Dr. Pascal Lee is a Planetary Scientist at the SETI Institute. He is Co-Founder and Chairman of the Mars Institute, and Director of the Haughton-Mars Project (HMP) at NASA Ames Research Center. He holds an ME in Geology and Geophysics from the University of Paris, and a PhD in Astronomy and Space Sciences from Cornell University.
Pascal Lee’s research focuses on asteroids, impact craters, and Mars, in particular the history of water on Mars. Based on his fieldwork in Earth’s polar regions, Lee was first to propose the Cold Early Mars model which suggests, counter to conventional wisdom, that Mars was climatically cold throughout its history, rather than “warm and wet.”
Pascal Lee has worked extensively in the Arctic and Antarctica viewed as “analogs” for Mars. In 1988, he wintered over in Antarctica as Chief Geophysicist at Dumont d’Urville Station, Adelie Land. He participated in five additional summer field campaigns in Antarctica with the U.S., French, and Chilean polar programs, including three as a member of the United States Antarctic Search for Meteorites (ANSMET) project. He is a recipient of the United States Antarctic Service Medal.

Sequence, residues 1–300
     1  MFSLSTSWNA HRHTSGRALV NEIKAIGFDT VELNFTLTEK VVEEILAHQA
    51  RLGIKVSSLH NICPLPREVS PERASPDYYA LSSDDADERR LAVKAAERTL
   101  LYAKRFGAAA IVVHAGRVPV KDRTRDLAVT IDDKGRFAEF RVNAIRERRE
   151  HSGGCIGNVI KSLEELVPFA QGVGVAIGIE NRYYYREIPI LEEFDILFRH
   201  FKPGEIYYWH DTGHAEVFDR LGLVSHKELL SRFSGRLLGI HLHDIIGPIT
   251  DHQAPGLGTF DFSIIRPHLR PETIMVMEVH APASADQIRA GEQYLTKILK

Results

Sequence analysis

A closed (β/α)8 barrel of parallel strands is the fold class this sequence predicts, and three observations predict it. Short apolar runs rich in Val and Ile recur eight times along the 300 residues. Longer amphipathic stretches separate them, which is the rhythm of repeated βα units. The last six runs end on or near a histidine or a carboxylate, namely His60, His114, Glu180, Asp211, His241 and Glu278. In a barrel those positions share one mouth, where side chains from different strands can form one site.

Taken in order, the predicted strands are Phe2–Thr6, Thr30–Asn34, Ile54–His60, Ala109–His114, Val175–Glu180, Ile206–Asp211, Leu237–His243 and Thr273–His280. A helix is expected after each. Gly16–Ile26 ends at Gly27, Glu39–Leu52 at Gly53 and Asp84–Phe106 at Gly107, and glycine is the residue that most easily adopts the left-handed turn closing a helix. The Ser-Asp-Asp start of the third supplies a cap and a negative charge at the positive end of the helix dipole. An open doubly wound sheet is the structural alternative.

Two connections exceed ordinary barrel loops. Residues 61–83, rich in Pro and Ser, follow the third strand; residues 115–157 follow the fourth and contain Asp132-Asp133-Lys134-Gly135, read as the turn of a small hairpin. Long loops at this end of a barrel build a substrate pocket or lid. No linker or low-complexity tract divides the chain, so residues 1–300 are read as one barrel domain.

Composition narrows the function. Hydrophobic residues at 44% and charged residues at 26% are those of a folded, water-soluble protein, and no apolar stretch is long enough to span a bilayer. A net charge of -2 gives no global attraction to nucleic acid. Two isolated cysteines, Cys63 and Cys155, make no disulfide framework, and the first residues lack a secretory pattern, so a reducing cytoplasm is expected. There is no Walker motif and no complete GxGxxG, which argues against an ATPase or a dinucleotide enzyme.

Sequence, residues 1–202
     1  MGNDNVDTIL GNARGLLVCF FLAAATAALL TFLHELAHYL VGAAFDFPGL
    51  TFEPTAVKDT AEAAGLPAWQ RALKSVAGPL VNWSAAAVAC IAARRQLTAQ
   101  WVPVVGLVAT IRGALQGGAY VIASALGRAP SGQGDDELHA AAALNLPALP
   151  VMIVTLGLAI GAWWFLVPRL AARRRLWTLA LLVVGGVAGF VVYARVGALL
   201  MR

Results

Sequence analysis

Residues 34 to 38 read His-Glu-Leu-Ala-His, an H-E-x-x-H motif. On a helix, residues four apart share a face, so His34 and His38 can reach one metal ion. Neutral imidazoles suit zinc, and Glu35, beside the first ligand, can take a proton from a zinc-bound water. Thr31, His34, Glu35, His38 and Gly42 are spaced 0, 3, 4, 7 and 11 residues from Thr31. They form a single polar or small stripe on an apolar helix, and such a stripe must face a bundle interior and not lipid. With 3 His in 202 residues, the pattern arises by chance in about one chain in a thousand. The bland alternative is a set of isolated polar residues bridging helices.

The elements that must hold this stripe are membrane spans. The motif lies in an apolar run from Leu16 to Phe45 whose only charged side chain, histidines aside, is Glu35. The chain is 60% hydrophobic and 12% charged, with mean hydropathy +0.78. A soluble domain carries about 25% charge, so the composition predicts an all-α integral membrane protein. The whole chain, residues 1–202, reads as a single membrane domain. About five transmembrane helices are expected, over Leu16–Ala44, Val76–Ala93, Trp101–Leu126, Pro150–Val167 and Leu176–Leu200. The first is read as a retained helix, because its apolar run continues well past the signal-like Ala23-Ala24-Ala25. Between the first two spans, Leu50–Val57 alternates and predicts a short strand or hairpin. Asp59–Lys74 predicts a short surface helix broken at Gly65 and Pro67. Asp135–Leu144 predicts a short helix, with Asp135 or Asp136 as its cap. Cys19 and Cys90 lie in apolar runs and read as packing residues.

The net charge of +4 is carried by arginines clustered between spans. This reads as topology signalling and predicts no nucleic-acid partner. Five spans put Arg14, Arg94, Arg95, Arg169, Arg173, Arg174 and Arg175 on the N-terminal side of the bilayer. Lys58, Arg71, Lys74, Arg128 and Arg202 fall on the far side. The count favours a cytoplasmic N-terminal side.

In 1997, Pascal Lee initiated the Haughton-Mars Project (HMP), an international multidisciplinary field research project focused on planetary science and human exploration studies at the Haughton meteorite impact crater site on Devon Island, High Arctic. He established the Haughton-Mars Project Research Station (HMPRS), now the largest privately operated polar research station in the world. To date, Lee has led 17 summer and 5 winter field campaigns in the Arctic.